• Seth Saunders

Roleplaying the Galaxy: You'll find I'm full of surprises


There’s an immense amount of freedom in the realm of tabletop roleplaying. As a game master, it’s your job to plan for all of the wackiness and potentially terrifying opportunities this inherent freedom presents…as best you can. Unless you’re Grand Admiral Thrawn, Darth Bane, and Admiral Gar Stazi all rolled into one, there’s no way you can be expected to account for the numerous avenues your players might take to achieve their goals. And, as a player, it’s sometimes difficult to see the lack of invisible walls, strict rules, and hand-size limits that accompany activities such as video games, sports, and board games.


The good news here is that, while it should be encouraged to think outside the much larger box of RPGs, a player is by no means under any sort of obligation to play in a way that makes them feel anxious, or like they’re desperately trying to keep up with some outlandish expectation. As I’ve probably reiterated to an annoying degree, this is a game. The purpose is fun. If a player wants to stick to their basic character skills and a straightforward play style, they shouldn’t be shamed for that. It can even provide a stabilizing presence for players on the other extreme.


Which is not to say that players who love diving into bizarre approaches to whatever challenge lies before them should be scolded, either. So long as everyone’s having fun and feels heard, there’s no wrong way to scale a wall, bypass a door, or blow up a superweapon. And, most importantly, in the world of tabletop roleplaying, the bizarre sometimes, spectacularly and hilariously, works.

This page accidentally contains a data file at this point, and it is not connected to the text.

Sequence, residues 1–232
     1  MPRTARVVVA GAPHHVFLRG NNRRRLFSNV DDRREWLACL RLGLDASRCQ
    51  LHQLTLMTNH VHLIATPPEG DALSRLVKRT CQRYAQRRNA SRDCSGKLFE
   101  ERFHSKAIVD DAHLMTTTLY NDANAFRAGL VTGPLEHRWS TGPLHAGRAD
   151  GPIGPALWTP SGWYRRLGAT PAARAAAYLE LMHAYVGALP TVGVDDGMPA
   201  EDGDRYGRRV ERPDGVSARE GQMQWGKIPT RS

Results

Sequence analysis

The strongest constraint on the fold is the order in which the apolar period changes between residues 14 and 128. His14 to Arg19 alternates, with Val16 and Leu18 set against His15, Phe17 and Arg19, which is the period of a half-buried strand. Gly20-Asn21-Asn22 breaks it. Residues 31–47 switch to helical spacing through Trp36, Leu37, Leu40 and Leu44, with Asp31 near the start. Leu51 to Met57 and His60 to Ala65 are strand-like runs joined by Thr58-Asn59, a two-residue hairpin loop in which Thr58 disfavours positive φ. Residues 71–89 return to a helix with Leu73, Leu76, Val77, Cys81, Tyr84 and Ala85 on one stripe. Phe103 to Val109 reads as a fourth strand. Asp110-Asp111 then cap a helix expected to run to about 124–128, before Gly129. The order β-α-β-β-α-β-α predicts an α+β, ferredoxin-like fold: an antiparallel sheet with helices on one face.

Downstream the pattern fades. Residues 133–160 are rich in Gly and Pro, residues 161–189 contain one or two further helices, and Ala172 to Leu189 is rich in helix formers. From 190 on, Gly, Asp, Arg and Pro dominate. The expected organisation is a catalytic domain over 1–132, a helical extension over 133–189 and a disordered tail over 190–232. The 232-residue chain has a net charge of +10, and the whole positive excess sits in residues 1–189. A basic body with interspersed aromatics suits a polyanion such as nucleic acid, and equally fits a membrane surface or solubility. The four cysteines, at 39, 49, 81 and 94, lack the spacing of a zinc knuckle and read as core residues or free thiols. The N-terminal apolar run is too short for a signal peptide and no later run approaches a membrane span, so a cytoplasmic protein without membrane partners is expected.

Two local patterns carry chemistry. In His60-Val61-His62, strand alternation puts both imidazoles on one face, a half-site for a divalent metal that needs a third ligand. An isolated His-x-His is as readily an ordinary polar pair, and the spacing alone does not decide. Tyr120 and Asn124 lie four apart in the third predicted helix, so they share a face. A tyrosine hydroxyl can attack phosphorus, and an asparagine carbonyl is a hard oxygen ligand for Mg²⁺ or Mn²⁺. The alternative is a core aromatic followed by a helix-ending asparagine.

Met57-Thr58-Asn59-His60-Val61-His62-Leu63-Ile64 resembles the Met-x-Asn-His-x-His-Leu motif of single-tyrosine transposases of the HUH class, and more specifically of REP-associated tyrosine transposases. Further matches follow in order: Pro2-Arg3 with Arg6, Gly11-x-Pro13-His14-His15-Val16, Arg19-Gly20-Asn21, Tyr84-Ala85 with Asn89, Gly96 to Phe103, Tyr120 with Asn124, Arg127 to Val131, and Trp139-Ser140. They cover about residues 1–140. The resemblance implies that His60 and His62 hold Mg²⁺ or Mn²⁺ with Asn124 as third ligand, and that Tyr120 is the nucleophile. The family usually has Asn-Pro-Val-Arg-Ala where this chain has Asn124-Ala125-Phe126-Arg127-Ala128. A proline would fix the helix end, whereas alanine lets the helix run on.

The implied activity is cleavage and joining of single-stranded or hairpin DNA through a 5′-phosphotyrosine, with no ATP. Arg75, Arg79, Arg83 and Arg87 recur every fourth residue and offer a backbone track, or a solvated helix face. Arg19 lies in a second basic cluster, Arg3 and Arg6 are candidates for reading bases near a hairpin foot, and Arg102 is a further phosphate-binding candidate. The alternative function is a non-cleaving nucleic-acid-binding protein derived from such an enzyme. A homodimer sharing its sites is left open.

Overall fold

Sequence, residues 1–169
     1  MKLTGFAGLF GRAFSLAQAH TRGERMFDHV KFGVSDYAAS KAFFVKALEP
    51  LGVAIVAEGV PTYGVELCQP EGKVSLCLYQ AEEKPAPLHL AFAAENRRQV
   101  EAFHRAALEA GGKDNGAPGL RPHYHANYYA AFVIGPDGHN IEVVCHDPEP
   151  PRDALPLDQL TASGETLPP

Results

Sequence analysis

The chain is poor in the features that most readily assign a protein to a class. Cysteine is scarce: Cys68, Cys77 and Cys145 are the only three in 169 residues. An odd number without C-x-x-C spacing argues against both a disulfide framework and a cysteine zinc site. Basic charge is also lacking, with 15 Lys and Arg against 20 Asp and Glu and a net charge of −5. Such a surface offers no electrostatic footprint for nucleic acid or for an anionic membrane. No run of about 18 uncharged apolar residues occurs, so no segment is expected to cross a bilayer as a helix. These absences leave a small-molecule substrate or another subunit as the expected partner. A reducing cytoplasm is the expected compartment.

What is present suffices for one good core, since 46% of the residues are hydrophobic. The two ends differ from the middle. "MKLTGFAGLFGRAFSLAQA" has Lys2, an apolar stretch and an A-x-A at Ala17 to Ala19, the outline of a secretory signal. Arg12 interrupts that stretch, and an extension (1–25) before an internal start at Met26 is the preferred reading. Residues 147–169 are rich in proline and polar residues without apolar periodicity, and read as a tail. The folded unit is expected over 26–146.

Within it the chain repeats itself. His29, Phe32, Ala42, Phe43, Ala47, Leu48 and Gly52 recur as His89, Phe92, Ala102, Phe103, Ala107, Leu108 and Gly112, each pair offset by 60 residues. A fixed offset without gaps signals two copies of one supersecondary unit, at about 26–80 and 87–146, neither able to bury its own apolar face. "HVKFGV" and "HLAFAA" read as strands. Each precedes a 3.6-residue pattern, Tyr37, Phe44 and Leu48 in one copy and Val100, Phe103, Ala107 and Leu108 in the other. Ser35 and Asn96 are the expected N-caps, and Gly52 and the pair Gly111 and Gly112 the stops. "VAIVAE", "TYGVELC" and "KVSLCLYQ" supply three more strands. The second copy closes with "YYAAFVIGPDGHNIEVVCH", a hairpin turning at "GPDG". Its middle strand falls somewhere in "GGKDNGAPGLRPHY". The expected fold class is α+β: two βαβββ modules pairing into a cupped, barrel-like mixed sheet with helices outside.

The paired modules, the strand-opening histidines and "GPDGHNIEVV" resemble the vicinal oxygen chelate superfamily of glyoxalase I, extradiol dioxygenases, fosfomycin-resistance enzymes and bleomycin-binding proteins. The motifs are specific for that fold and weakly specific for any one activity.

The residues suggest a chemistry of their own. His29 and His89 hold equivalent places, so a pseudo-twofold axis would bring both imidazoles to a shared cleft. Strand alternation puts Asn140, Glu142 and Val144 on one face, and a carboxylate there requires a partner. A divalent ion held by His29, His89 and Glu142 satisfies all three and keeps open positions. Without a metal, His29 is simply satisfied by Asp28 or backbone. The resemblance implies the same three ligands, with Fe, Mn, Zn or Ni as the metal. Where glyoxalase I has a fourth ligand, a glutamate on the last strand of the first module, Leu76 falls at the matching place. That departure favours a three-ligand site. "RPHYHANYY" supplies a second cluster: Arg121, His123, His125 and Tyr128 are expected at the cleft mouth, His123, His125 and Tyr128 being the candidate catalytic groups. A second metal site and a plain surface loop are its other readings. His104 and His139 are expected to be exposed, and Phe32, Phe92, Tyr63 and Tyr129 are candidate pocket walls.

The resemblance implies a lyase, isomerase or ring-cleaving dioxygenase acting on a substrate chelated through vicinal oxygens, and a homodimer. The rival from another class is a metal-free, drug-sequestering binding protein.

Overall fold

Regardless of disparate playstyles in a group, however, there is a method that allows a game master to ensure that even the most straight-edged, no-nonsense player is able to shock and delight their GM and fellow players alike, and it’s the easiest plan one can possible execute; willful ignorance.


So as my meaning is not misconstrued, I’m decidedly not saying that a game master should have no idea what’s happening in their campaign. That’s the quickest way of ensuring that everyone is confused and frustrated by the first encounter. Rather, I’m advocating selective ignorance, in this case specifically toward a player character’s abilities.


This may, at first, feel contradictory to my previous advice that a game master have a clear idea of his group’s strengths and weaknesses, but the two can comfortably exist alongside each other, I assure you. The easiest way to put it is to point out that, while a group of players may not know the precise abilities of one another’s characters, they are easily able to identify who the party’s duelist, medic, grenadier, and sniper are. They likely don’t spend their time perusing one another’s character sheets, and neither, I submit, should their game master.


There is, for me, at least, one caveat. During character creation, especially for new players, the game master should provide whatever assistance is required (and hopefully requested) in helping to clarify the rules, until reasonably confident in each player’s familiarity with how the game operates. I’d even suggest looking over each completed character sheet with the corresponding player to double-check for mistakes from either party.


From there on, though, barely give the things another glance.


Which can be easier said than done. Some players will like to continue checking in that they’re progressing their character correctly (which is absolutely within a game master’s duties), and you may even want to scan through the stats of a less mature player, if it becomes evident that they’re…bending the rules.